• By: Katie Hartai

Lingering legal wars of the officially recognized Métis Nation

While Canada has made headway in addressing injustices of First Nation groups, it has largely overlooked the rights of Métis – another significantly large Aboriginal population. The Métis have been tossed back and forth between federal and provincial governments, each disputing its jurisdictional responsibility to deal with them as a distinct Aboriginal people. It has been an ongoing battle in Canada to recognize and affirm the existence of the Métis people and their rights; an historic dispute that will not cease until justice is in hand.

One of the earliest forms of the legal recognition of the Métis and their rights was the Manitoba Act of 1870. This legislation was enacted after the first Métis Provisional Government of Louis Riel had seized control of the Red River Valley in protest over Ottawa’s attempt to transfer the Hudson’s Bay Company territory to itself without consulting the large Métis majority in its most populous part, the Red River Settlement. Riel’s government had drafted a List of Rights that were taken to Ottawa and formed the basis of negotiations with the Macdonald government. Its primary demands were provincial status for the Settlement and its representation in the Canadian Parliament, official bilingualism and protection of the land rights of the Métis.

On May 12, 1870 the Manitoba Act became law, creating Canada’s fifth Province, Manitoba, and its passage seemed to meet most of the Métis demands. Section 31 provided for a land grant of 1,400,000 acres for the children of the Métis heads of families in Manitoba whose own land titles  were to be confirmed in Section 32.  The failure of the Macdonald government to fulfill these land guarantees, resulting in the displacement of many of the Métis from the province of their creation, would become the focus of an epic court case launched by the Manitoba Métis Federation (MMF) in 1981. That case would culminate 32 years later in the ruling of the Supreme Court of Canada in March, 2013 that Ottawa failed to implement Section 31 in accordance with the Honour of the Crown. According to the Court, Ottawa knew or should have known that the ten-year delay in the distribution of lands to the Métis amidst an influx of hostile immigrants from Ontario would thwart the fulfillment of the land promises.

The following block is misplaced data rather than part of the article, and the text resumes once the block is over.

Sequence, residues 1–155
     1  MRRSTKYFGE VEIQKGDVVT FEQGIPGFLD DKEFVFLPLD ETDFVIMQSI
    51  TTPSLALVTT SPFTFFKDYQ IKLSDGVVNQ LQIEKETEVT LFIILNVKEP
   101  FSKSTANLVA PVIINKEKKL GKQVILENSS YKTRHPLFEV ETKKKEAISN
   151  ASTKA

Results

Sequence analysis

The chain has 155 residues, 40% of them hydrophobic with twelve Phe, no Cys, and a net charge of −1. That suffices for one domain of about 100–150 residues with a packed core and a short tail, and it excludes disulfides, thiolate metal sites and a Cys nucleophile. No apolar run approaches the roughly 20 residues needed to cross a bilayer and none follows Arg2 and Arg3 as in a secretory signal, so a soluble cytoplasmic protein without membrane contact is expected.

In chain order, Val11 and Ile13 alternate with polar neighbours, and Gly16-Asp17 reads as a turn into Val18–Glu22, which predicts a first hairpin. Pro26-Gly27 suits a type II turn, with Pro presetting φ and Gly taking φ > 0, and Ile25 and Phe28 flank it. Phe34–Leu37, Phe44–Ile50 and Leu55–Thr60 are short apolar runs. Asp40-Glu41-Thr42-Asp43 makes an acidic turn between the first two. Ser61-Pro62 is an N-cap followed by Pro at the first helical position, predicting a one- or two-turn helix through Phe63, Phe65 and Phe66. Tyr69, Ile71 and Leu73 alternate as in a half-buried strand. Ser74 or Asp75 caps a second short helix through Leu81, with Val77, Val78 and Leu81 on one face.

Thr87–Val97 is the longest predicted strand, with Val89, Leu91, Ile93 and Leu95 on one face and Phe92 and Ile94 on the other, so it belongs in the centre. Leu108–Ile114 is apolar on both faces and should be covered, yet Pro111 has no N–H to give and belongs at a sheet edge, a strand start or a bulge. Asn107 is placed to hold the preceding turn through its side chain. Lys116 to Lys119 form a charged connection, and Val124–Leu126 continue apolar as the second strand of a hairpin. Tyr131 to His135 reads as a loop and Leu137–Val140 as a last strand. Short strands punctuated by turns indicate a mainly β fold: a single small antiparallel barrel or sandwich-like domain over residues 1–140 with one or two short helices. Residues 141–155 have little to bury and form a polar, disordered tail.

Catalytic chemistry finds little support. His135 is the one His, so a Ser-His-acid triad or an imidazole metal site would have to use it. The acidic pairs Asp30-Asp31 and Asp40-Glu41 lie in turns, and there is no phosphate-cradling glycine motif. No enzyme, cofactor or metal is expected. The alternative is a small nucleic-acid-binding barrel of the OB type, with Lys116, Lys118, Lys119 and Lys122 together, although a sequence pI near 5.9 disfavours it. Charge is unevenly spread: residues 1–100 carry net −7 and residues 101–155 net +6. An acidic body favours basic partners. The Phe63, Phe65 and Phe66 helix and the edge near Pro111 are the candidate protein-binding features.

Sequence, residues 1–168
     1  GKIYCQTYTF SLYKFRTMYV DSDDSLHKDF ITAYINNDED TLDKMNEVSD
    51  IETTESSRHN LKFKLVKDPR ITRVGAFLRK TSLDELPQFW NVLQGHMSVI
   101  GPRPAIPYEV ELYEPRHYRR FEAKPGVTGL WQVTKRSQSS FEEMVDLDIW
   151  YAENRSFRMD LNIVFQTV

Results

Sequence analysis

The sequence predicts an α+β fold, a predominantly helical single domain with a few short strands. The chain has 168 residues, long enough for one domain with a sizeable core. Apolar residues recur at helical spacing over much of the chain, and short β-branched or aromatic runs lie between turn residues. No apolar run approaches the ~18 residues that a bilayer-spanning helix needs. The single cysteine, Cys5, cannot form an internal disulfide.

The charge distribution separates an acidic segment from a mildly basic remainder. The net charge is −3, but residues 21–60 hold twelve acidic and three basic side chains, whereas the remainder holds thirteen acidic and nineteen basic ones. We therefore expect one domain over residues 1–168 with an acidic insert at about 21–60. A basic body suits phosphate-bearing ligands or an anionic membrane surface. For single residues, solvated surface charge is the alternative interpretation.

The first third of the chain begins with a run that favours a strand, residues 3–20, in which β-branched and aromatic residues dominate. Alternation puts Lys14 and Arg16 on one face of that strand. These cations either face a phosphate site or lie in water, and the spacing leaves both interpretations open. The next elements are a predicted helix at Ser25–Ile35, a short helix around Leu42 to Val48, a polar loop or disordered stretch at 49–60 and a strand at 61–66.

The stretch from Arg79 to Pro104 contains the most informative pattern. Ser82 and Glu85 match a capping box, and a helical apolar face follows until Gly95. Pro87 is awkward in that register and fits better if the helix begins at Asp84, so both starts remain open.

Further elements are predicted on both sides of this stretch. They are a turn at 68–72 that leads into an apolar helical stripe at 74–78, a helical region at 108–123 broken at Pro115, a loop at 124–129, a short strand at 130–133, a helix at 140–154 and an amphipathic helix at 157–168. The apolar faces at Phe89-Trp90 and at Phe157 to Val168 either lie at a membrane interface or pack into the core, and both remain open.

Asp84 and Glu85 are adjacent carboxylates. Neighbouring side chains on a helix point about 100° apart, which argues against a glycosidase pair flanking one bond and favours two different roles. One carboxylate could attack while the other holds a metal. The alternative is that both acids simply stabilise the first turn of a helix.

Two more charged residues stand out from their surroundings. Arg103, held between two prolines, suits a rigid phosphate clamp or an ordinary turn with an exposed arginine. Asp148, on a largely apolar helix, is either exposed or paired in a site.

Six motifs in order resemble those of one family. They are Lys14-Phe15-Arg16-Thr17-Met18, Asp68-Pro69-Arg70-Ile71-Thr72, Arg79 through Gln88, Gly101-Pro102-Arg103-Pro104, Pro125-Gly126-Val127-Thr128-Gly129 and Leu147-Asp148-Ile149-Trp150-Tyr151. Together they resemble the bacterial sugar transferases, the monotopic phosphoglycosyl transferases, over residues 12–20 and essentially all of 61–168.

Ottawa’s failed Métis land grant scheme was to repeat itself outside the original province of Manitoba. The Dominion Lands Act of 1879 provided for land grants for the Métis residents of the North-West but again the distribution was delayed, occurring only after the Métis in the Saskatchewan Valley rose up in resistance under the leadership of Riel and his second Métis Provisional Government. That resistance culminated in 1885 with the defeat of the Métis at the Battle of Batoche and the subsequent trial and execution of Riel.